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Conflict and How To Fill Out The Conflict Box

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Conflict is the fuel of a novel. The Conflict Box, a simple four box diagram, is a useful tool to help writers pin down their protagonist and antagonist goals and how trying to achieve those goals bring them into conflict and thus provide the backbone of the story.

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Conflict and How To Fill Out The Conflict Box

  1. 1. CONFLICT: The Fuel of Your Story
  2. 2. Basic Story Dynamic The Protagonist (the character who owns the story) struggles with . . . The Antagonist (the character who if removed will cause the conflict and story to collapse) because both must achieve their concrete, specific . . . Goals (the external thing they are each trying desperately to get, not necessarily the same thing)
  3. 3. CONFLICT: EXERCISE ONE What does your protagonist want most? (Must be a concrete, external thing) Do not confuse goal with motivation!
  4. 4. CONFLICT: EXERCISE TWO What does your antagonist want most? (Must be a concrete, external thing)
  5. 5. CONFLICT: EXERCISE THREE What is stopping your protagonist from getting what he/she wants most? What is stopping your antagonist from getting what he/she wants most?
  6. 6. The Conflict Box A way of diagraming your protagonist, antagonist, goals, and conflict. You can have conflict because: Protagonist and antagonist want the same thing. Protagonist and antagonist want different things, but achieving one goal causes conflict with the other’s goal.
  7. 7. Conflict Box Protagonist Conflict Protagonist Goal Antagonist Goal Antagonist Conflict
  8. 8. The Conflict Box Fill the conflict boxes out one at a time. I’ve found it’s an interesting exercise during workshops. We do it right after the one sentence original idea is written down. The first problem for many is simply identifying their protagonist and antagonist.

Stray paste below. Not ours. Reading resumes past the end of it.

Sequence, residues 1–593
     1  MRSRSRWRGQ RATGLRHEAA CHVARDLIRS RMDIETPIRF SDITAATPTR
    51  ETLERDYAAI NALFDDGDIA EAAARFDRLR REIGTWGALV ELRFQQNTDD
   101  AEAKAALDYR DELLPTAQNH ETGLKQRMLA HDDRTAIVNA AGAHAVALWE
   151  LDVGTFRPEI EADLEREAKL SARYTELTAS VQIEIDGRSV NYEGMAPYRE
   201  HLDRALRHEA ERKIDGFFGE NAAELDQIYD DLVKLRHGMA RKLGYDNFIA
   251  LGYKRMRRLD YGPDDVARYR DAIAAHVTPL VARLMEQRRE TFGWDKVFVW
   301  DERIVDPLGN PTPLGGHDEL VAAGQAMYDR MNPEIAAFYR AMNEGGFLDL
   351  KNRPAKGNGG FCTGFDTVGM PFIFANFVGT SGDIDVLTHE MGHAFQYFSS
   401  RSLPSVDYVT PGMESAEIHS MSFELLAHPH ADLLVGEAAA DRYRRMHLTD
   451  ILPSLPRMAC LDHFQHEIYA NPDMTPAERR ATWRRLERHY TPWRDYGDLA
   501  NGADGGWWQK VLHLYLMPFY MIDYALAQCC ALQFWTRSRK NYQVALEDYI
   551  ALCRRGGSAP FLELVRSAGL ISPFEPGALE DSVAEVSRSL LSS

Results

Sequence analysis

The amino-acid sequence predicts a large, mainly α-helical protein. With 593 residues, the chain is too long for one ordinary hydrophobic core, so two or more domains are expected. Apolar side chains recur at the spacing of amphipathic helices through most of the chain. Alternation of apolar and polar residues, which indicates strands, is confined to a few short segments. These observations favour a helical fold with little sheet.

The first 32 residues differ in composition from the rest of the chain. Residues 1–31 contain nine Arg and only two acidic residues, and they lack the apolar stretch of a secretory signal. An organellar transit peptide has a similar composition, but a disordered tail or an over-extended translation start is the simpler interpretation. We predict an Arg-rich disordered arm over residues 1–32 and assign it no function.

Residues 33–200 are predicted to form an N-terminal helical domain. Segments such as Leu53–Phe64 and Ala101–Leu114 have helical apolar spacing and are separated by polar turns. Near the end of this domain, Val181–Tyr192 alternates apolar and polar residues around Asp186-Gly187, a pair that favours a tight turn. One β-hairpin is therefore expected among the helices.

9. 9. The Conflict Box Remember that goal is not motivation. Often people put the motivation in the goal box. A goal has to be tangible. Something the reader knows has either been achieved or not. Once more, the key to filling this out is to do one box at a time, ignoring the other boxes, until complete.
  10. 10. Conflict Box: Same Goals Agnes and the Hitman •Agnes wants to keep her house, which she bought from Brenda. •Brenda wants to steal back the house she just sold to Agnes Keep HOUSE Get HOUSE Back Protagonist Conflict Antagonist Conflict
  11. 11. Conflict Box: Conflict Someone is trying to steal the house from her! Someone won’t let her steal the house back! Keep HOUSE Get HOUSE Back A G N E S B R E N D A GOAL CONFLICT
  12. 12. The Conflict Box You have inescapable goal when one person’s goal is causing the other person’s conflict.
  13. 13. Conflict Box: Same Goal • To see if your conflict is inescapable: Draw a line from Agnes’ goal to Brenda’s Conflict. If Agnes is causing Brenda’s conflict, you’re halfway there. • Then draw a line from Brenda’s goal to Agnes’ conflict. If Brenda is causing Agnes’ conflict, you have a conflict lock. Keep HOUSE Get HOUSE Back Someone won’t let her steal the house back! Someone is trying to steal the house from her! A G N E S B R E N D A GOAL CONFLICT
  14. 14. Conflict Box: Different Goals Lost Girls KILL whoever is killing young girls KILL the daughters of the men who betrayed him Protagonist Conflict Antagonist Conflict •Gant wants to find out and kill whoever is kidnapping and killing young girls. •The Sniper wants revenge for being betrayed.
  15. 15. The Conflict Box Notice in this case that the Sniper wants revenge. However, you can’t put revenge in the goal box because revenge means different things to different people. We can’t see “revenge”. We don’t know when “revenge” has been enacted. We can see the manifestation of his revenge when he kills or kidnaps the daughters of the man who betrayed him.